Putting the brakes on foreign investment – zero tolerance from FIRB

Updated: Apr 3

Important but unexpected changes to Australia’s foreign investment framework came into effect from 10.30 pm (AEDT) on Sunday, 29 March 2020 (Effective Time) following an announcement by the Federal Treasurer. The changes reduce the monetary screening threshold to zero for all transactions and flag that the Foreign Investment Review Board (FIRB) will work with existing and new applicants to extend the statutory timeframe for applications from 30 days to six months.


These are temporary measures designed to deal with the economic impact of the COVID-19 outbreak by putting the brakes on undervalued Australian assets being picked up at fire-sale prices by foreign buyers without appropriate oversight.


The exact wording of the changes will need to be reviewed when it is available, but they are likely to have serious and immediate implications for inbound transactions involving foreign investors (although there appears to be relief for agreements entered into before the Effective Time).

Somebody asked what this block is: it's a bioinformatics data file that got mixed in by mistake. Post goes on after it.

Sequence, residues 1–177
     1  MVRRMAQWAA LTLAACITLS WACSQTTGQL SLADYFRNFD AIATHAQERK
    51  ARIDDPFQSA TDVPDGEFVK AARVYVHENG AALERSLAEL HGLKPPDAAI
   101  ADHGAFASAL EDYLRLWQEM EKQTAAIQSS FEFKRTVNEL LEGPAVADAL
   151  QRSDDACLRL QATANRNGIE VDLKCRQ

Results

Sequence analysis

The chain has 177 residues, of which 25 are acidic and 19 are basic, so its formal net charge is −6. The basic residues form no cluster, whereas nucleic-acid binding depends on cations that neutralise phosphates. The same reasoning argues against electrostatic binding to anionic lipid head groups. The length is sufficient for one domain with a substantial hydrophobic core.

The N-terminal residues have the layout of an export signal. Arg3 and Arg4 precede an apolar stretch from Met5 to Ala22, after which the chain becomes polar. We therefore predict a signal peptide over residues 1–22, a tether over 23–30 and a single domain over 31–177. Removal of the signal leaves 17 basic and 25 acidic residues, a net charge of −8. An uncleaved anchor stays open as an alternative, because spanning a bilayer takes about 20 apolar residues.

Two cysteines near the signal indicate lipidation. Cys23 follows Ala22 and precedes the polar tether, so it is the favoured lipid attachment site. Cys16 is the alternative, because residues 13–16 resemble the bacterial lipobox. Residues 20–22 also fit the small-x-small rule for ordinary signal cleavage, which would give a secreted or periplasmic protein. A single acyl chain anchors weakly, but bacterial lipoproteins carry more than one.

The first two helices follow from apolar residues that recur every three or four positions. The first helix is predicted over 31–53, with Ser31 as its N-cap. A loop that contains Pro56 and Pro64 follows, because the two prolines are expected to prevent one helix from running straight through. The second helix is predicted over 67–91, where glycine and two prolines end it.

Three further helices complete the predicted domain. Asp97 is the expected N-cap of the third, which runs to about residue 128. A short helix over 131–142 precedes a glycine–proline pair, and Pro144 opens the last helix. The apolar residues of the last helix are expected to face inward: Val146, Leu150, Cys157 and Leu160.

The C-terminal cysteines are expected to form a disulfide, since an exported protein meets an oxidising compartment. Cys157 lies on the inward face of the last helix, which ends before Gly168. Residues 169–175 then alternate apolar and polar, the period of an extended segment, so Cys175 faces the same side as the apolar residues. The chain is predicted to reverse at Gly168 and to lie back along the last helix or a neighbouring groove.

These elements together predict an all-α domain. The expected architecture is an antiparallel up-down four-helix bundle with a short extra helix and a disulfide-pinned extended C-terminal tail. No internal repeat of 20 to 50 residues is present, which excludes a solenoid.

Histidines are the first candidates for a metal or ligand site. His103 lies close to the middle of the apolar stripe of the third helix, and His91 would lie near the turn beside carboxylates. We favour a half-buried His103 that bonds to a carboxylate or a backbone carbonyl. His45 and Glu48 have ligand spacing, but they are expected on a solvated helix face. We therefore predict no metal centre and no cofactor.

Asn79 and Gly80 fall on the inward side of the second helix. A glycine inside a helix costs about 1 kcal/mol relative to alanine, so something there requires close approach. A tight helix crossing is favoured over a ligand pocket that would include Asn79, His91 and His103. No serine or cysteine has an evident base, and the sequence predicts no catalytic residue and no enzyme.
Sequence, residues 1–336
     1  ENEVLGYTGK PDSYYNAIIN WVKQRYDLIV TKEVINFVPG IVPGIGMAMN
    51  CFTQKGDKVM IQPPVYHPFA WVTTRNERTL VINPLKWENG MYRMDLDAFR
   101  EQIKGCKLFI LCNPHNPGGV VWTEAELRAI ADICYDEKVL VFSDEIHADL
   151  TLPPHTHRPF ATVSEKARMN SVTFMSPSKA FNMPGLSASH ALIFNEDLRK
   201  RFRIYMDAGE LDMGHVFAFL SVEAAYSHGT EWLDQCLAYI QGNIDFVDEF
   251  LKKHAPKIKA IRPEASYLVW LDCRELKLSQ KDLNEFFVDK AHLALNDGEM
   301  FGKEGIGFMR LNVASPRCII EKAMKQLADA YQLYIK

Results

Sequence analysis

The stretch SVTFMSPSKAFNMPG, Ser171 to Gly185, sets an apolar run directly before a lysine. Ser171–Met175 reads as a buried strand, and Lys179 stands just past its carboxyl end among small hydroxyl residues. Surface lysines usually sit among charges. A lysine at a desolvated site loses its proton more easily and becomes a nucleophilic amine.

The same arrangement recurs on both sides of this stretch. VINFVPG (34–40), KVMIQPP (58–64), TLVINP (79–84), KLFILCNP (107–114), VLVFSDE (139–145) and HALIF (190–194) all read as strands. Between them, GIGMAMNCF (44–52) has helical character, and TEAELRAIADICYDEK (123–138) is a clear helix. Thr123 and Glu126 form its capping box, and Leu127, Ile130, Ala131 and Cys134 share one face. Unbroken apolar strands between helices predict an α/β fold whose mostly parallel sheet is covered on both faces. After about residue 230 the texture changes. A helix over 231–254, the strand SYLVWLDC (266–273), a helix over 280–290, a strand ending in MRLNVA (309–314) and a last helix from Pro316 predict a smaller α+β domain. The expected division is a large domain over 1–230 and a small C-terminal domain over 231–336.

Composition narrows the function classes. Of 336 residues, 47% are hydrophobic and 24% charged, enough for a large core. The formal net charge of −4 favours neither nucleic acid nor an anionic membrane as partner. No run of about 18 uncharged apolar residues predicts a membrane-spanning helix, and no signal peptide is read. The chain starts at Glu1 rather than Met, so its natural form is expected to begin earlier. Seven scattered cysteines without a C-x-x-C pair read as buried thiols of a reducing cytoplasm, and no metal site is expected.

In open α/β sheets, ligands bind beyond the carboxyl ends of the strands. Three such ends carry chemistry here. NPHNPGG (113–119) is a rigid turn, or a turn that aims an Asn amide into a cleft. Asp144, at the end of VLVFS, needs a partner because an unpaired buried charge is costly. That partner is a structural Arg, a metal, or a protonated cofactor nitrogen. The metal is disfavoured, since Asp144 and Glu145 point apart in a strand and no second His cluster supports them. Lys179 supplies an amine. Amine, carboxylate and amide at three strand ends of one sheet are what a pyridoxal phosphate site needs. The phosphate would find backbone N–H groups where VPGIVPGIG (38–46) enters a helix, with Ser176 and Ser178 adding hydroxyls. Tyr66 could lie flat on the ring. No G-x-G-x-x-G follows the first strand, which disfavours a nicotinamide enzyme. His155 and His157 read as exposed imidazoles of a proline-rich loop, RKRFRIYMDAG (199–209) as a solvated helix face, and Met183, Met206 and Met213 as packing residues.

This article offers some insights into the practical implications arising from these measures.


What is Australia’s foreign investment framework?

Australia’s foreign investment framework regulates foreign investment in Australia to ensure that investments are in the national interest. This is a multifaceted test that considers issues such as the impact of an investment on national security, competition, tax revenue, the economy and the community more broadly. Under this framework, which is governed by the Foreign Acquisitions and Takeovers Act 1975 (Act) and associated regulations, the Treasurer and FIRB can prohibit or impose conditions on certain foreign investments where they are contrary to the national interest.


Importantly, this framework only captures investments that fall into one of the following categories:

  • notifiable actions, which require the investor to notify FIRB and obtain approval before undertaking the transaction; and

  • significant actions, which do not need approval to proceed but may be subject to later review by FIRB (which could lead to the transaction being unwound on national interest grounds).